Navigation Links
Protein Key to Control Growth of Blood Cells

--Findings May Aid in Bone Marrow Transplants, Blood Diseases--

PHILADELPHIA, Aug. 5 /PRNewswire-USNewswire/ -- New research sheds light on the biological events by which stem cells in the bone marrow develop into the broad variety of cells that circulate in the blood. The findings may help improve the success of bone marrow transplants and develop better treatments for life-threatening blood diseases.

"As we better understand the biological pathways that regulate the growth of stem cells, we may identify new approaches for treating blood disorders," said study leader Wei Tong, Ph.D., a hematology researcher at The Children's Hospital of Philadelphia. Her study appeared online July 10 in the Journal of Clinical Investigation.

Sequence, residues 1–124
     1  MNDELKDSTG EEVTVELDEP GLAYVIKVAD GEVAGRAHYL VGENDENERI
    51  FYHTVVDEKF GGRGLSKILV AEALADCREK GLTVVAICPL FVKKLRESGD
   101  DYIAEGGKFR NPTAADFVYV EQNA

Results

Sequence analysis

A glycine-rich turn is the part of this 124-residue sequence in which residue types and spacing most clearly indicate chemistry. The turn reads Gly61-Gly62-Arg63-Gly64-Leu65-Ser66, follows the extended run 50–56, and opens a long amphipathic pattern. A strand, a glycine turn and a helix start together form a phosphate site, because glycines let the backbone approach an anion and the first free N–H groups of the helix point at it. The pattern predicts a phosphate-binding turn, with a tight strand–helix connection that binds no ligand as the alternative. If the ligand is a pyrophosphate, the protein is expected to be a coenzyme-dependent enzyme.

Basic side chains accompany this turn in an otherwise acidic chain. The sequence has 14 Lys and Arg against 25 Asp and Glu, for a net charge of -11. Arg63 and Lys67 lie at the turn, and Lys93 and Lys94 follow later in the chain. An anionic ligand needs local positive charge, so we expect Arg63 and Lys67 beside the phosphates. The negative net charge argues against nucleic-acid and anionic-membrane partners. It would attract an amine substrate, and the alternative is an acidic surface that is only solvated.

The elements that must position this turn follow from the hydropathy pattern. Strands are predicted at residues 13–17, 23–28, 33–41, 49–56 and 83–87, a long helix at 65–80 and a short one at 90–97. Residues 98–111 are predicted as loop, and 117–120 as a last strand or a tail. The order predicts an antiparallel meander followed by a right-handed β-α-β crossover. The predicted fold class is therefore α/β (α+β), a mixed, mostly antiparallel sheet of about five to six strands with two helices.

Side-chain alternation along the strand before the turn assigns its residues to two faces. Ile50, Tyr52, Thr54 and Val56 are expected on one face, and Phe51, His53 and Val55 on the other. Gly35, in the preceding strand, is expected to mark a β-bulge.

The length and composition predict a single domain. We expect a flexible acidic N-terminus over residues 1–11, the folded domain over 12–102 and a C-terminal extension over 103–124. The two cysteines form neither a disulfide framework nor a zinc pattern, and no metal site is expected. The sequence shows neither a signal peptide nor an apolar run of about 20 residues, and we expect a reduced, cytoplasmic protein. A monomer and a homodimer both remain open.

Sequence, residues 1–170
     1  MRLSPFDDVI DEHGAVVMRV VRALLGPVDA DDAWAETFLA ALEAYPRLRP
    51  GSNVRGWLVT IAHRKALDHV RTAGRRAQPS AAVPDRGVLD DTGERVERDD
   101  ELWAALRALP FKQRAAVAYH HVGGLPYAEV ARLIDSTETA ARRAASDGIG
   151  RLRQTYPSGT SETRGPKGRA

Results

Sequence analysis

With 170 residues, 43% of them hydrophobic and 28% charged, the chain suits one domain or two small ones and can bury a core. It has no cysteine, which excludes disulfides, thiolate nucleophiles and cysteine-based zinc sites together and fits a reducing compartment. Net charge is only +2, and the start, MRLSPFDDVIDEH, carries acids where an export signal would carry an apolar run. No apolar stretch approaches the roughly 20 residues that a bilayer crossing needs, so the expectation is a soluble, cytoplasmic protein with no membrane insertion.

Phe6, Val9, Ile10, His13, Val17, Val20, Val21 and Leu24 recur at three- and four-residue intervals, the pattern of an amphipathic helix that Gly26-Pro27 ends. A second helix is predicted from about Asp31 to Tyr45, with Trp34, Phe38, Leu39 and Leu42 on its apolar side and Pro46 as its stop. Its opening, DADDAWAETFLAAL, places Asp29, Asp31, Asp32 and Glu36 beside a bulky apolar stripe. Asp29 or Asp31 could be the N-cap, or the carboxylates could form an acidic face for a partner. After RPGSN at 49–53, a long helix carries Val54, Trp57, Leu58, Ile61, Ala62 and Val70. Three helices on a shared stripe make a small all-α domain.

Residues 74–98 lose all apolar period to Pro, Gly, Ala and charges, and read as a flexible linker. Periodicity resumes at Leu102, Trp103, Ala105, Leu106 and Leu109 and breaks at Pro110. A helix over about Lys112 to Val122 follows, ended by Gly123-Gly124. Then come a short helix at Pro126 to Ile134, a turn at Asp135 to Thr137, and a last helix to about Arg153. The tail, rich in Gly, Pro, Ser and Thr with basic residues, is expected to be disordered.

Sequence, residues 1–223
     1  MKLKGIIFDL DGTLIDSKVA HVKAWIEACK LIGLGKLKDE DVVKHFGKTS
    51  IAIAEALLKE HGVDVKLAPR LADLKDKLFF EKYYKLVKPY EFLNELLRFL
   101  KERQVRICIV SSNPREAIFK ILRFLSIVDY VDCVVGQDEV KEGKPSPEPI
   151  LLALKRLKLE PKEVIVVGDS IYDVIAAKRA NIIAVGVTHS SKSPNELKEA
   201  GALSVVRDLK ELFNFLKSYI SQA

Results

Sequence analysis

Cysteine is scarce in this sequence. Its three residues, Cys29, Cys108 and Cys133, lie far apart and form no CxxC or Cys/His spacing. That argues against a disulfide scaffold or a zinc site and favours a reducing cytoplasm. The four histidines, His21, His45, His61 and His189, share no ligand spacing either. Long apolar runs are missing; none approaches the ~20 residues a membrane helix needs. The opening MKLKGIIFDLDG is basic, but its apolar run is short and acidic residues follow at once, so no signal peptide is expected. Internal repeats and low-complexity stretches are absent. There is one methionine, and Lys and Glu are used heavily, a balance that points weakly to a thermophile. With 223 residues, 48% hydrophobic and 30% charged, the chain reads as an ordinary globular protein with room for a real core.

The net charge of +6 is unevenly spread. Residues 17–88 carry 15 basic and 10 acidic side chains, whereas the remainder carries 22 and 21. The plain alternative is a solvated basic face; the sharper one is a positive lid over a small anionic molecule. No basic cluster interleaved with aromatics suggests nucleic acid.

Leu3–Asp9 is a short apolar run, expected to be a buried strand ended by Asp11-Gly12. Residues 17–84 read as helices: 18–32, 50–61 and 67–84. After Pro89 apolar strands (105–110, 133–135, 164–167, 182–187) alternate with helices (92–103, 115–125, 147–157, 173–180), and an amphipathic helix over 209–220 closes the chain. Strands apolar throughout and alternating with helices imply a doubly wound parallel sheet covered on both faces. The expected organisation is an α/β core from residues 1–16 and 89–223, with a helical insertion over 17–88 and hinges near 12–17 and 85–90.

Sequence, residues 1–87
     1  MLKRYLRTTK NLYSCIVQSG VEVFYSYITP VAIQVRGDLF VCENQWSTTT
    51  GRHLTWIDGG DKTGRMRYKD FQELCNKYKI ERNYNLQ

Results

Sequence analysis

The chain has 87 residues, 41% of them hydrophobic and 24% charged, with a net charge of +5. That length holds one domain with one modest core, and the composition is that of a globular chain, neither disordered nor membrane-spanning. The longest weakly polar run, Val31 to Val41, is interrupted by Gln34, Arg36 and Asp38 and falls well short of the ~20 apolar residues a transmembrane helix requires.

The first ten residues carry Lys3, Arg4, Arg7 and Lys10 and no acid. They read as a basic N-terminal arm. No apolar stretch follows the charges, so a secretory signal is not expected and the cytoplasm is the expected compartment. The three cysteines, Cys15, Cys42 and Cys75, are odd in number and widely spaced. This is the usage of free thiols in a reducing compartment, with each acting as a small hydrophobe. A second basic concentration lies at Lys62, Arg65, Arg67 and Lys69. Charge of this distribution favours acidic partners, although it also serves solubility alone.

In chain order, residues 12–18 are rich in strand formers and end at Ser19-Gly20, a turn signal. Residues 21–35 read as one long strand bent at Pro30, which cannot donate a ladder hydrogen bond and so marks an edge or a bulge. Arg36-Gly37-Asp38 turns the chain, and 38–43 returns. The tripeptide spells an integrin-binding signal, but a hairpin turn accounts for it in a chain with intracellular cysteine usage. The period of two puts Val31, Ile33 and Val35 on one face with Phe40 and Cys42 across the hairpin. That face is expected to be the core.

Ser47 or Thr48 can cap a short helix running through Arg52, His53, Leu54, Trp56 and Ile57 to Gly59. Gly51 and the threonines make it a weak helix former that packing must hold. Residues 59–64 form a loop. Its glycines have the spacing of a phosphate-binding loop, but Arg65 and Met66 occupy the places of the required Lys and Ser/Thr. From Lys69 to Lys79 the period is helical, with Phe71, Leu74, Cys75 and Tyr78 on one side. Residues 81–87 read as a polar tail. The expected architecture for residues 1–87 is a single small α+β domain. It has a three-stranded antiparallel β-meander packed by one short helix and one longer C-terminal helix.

Hematopoietic stem cells (HSCs) develop into all types of blood cells: red blood cells, white blood cells, platelets, and immune cells. HSCs, like other stem cells, have the ability to self-renew: each can give rise to more mature, developed cells with more specific functions, as well as a new stem cell. (Everyone carries HSCs in their bone marrow, unlike embryonic stem cells, which exist only in embryos.)

In her study, conducted in mice, Tong focused on a protein called Lnk that helps control HSC expansion. When a growth factor in the blood called thrombopoietin (TPO) acts on its cell receptor, it triggers signals along a pathway that includes another protein, JAK2. JAK2, in turn, causes stem cells to increase their numbers.

Tong's group and others previously found that Lnk is a negative regulator for HSCs, acting as a brake on stem cell expansion. In the current study, they found that mice genetically engineered to lack the Lnk protein had 10 times the normal amount of HSCs in their bone marrow. Without Lnk to directly interact with JAK2 and inhibit its activity, TPO made stem cell production go into overdrive.